# Born–von Karman boundary condition

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Born–von Karman boundary conditions are periodic boundary conditions which impose the restriction that a wave function must be periodic on a certain Bravais lattice. Named after Max Born and Theodore von Kármán. This condition is often applied in solid state physics to model an ideal crystal. Born and von Karman published a series of articles in 1912 and 1913 that presented one of the first theories of specific heat of solids based on the crystaline hypothesis and included these boundary conditions.

The condition can be stated as

$\psi (\mathbf {r} +N_{i}\mathbf {a} _{i})=\psi (\mathbf {r} ),\,$ where i runs over the dimensions of the Bravais lattice, the ai are the primitive vectors of the lattice, and the Ni are integers (assuming the lattice has N cells where N=N1N2N3). This definition can be used to show that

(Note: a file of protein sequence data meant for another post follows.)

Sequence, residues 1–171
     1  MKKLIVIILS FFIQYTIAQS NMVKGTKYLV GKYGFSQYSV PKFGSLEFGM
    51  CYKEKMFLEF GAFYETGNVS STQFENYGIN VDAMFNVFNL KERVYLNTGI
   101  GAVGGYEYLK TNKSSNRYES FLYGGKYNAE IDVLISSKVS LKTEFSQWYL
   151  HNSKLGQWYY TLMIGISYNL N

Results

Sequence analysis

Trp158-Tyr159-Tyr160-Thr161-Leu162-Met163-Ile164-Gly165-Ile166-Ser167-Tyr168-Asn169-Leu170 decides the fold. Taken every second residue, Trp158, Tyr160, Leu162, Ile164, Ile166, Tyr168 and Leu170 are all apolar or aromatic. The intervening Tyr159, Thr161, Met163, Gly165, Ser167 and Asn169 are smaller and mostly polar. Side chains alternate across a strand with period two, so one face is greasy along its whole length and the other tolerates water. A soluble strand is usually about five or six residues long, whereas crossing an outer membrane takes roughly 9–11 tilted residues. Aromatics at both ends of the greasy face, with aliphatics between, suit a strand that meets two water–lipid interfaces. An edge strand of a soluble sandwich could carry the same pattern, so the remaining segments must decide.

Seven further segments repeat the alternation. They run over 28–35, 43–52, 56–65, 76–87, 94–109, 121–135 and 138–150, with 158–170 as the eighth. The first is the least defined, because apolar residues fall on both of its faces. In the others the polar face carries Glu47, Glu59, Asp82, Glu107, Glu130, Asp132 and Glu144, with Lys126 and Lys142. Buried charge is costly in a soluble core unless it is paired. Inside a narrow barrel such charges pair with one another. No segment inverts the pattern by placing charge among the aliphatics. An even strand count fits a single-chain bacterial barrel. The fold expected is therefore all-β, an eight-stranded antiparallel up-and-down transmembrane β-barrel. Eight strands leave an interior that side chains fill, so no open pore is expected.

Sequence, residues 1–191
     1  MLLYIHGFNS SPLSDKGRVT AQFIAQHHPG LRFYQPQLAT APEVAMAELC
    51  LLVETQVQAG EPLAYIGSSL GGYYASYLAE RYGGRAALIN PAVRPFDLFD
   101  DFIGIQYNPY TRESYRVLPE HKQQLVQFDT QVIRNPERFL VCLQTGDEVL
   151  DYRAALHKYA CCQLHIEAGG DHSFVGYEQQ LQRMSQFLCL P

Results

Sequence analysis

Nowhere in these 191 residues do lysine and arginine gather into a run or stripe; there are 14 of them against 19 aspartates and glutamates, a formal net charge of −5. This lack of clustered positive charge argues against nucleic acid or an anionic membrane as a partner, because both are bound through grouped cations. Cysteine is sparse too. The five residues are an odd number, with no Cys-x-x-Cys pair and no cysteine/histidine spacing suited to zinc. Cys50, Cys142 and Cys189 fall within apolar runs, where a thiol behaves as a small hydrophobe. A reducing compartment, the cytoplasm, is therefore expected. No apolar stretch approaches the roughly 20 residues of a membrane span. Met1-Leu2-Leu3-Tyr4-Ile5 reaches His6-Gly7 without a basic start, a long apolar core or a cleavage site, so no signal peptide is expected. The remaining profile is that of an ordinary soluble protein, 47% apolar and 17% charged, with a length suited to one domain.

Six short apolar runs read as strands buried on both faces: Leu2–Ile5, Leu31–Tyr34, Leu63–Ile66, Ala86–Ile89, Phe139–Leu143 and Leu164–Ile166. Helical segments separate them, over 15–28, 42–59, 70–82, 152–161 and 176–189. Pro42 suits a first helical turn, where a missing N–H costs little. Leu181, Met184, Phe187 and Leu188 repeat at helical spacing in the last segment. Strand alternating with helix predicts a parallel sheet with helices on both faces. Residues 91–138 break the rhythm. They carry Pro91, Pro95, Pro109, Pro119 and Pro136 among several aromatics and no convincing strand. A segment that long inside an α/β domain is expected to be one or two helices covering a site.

$\psi (\mathbf {r} +\mathbf {T} )=\psi (\mathbf {r} )$ for any lattice translation vector T such that:

$\mathbf {T} =\sum _{i}N_{i}\mathbf {a} _{i}.$ Note, however, the Born–von Karman boundary conditions are useful when Ni are large (infinite).

The Born–von Karman boundary condition is important in solid state physics for analyzing many features of crystals, such as diffraction and the band gap. Modeling the potential of a crystal as a periodic function with the Born–von Karman boundary condition and plugging in Schrödinger's equation results in a proof of Bloch's theorem, which is particularly important in understanding the band structure of crystals.